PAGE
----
On Tuesday (16 October), CryptoCompare, a leading global provider of cryptocurrency market data, released its "Cryptoasset Taxonomy Report 2018" which surveys the cryptoasset landscape, and looks at various ways in which such tokens can be categorized. This article focuses on the part of the report that presents a novel taxonomy that reflects what CryptoCompare sees as "the most natural grouping of cryptoassets at this moment in time."
But before start, it is useful to present CryptoCompare's definition of "cryptoasset":
"A cryptoasset is a digital asset that operates within a peer-to-peer network governed by a consensus mechanism which is controlled by a public key infrastructure. The rules governing the system are verified by network participants; these nodes can verify the entire transaction history of the shared ledger."
To come up with their new unique taxonomy (which they refer to in the report as "CryptoCompare Archetypes Summary" or "CryptoCompare Archetypes Grouping"), the CryptoCompare Research team took a “ground up” approach: the team "gathered data and performed analysis across a number of technological, economic and legal properties," and this dataset helped to improve their understanding of the cryptoasset space "in a dynamic fashion."
In total, the report looks at five ways to group cryptoassets: "the first four are driven by 'real world’ questions" such as "What is a given cryptoasset used for? or "Is the token effectively controlled by a central counterparty?". And the last grouping ("CryptoCompare Archetypes") presents the research team's own unique classification based on the main archetypes they identified during the study. This taxonomy "seeks to capture, in a simple form, the most meaningful grouping of cryptoassets,", and furthermore, it aims "to understand the current state of the cryptoasset ecosystem."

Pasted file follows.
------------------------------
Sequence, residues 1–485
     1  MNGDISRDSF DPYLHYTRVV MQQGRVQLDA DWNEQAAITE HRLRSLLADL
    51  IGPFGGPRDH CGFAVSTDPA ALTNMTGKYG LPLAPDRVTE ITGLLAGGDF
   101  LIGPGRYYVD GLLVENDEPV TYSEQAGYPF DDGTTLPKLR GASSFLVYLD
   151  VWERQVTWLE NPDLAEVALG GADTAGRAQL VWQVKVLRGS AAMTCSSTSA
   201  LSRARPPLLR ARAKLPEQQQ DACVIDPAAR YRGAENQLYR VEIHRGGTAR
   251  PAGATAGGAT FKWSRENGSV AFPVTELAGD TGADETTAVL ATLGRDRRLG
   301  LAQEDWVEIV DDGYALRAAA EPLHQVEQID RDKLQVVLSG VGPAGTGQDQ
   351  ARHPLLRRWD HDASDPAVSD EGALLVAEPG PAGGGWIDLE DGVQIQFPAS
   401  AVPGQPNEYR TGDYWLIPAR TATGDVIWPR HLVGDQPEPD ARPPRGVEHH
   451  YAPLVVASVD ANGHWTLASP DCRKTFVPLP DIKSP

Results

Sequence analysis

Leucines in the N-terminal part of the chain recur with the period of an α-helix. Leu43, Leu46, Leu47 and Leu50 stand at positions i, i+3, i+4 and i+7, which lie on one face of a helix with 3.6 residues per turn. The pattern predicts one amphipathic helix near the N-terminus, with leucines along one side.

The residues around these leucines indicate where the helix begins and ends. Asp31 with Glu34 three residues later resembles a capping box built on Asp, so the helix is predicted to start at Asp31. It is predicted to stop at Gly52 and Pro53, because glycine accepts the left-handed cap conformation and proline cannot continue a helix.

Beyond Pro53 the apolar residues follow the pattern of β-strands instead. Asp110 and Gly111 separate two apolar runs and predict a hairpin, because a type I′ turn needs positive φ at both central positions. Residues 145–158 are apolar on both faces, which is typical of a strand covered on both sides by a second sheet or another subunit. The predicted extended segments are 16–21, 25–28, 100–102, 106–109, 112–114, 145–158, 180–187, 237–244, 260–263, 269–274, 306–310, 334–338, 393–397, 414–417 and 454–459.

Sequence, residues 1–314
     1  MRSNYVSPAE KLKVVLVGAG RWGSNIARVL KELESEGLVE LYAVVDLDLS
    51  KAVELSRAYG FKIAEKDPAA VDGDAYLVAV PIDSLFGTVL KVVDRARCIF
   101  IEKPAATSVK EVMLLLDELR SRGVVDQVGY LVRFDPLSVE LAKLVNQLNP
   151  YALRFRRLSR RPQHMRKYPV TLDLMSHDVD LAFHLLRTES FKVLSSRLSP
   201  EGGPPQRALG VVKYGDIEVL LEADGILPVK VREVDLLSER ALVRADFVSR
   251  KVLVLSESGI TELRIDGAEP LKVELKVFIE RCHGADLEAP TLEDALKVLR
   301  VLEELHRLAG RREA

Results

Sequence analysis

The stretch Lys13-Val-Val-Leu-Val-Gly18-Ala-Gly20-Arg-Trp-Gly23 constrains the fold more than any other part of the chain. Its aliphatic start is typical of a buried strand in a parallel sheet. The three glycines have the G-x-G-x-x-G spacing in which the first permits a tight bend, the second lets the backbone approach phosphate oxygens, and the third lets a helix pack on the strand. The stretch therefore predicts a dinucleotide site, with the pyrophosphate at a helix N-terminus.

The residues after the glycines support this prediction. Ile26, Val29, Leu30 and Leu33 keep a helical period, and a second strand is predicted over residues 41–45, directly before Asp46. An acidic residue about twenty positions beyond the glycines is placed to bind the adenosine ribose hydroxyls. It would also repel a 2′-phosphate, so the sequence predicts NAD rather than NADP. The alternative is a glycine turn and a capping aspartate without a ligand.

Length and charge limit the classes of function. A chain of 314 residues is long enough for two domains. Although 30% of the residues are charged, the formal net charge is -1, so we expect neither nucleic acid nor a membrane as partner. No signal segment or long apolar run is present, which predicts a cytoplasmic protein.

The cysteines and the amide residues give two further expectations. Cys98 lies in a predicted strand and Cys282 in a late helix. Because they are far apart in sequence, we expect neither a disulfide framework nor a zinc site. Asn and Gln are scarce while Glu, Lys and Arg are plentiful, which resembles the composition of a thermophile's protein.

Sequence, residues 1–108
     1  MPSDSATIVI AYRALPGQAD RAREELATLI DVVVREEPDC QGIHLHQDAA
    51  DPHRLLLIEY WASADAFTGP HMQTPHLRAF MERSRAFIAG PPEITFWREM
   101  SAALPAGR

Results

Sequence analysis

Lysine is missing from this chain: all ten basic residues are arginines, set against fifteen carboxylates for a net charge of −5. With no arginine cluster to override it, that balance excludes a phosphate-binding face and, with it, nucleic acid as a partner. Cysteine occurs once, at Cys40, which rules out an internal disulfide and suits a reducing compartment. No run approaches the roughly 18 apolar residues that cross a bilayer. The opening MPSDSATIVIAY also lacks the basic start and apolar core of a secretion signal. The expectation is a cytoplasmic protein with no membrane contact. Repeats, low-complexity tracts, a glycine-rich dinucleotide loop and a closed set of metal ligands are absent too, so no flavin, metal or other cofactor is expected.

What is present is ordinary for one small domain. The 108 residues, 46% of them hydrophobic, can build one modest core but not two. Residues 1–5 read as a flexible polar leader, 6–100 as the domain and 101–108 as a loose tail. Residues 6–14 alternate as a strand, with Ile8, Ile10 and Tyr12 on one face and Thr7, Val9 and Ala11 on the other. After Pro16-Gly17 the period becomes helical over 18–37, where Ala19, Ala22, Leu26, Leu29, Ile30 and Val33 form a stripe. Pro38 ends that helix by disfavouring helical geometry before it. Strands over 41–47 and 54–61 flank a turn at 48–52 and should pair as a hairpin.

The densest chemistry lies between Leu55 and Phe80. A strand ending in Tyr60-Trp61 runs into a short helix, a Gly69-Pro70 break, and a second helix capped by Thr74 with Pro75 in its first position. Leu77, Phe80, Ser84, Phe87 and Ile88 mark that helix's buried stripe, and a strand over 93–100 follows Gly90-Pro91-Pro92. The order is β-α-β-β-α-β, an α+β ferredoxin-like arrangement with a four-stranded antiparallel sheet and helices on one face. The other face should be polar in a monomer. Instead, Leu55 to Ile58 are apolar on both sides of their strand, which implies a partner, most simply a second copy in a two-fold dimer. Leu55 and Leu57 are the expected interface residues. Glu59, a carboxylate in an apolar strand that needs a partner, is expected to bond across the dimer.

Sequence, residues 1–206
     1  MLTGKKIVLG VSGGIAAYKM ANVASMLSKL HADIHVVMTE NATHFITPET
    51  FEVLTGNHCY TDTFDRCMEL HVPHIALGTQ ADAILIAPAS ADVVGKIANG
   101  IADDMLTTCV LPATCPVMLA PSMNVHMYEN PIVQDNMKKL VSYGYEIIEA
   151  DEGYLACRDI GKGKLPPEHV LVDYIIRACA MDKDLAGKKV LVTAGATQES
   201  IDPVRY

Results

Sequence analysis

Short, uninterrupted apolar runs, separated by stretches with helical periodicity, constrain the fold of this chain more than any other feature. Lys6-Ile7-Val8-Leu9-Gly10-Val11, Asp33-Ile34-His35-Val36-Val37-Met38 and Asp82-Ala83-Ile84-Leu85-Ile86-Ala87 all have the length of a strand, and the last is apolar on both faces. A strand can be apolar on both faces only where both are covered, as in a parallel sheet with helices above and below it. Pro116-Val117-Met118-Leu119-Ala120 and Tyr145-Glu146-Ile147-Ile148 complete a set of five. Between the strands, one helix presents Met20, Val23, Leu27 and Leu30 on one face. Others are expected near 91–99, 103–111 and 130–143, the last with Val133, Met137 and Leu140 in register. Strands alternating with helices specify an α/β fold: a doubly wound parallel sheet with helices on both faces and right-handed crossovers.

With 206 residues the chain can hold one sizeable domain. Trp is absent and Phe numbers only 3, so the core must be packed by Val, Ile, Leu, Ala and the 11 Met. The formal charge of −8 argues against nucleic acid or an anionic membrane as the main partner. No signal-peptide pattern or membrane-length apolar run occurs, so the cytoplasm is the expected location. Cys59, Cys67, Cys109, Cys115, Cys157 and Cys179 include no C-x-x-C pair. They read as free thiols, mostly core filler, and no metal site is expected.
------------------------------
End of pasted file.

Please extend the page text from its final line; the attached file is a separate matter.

Fungible vs. Non-Fungible Tokens
- "Fungible tokens are perfectly interchangeable with other identical tokens. Traceability issues aside, one unit of Bitcoin is literally as good and as useful as any other."
- "Non-fungible tokens – or NFTs – are tokens that are unique and hence not interchangeable with any other token... CryptoKitties represent one special case of a collectible NFT. NFTs may also be particularly useful in the case of digital assets that represent either the identity or the reputation of specific individuals going forward."
- "Fungible tokens represent the vast majority of the tokens that exist," although "the number and variety of NFTs is likely to grow substantially in the near future."
- "Utility tokens are designed to offer digital access to an application or to some service using the blockchain."
- "It remains unclear how utility tokens as defined here will be treated by the SEC."
- "The majority of utility tokens in this taxonomy have undergone an ICO..."
- "Utility tokens vary significantly in their degree of centralisation and the extent to which they grant rights toward a particular counterparty."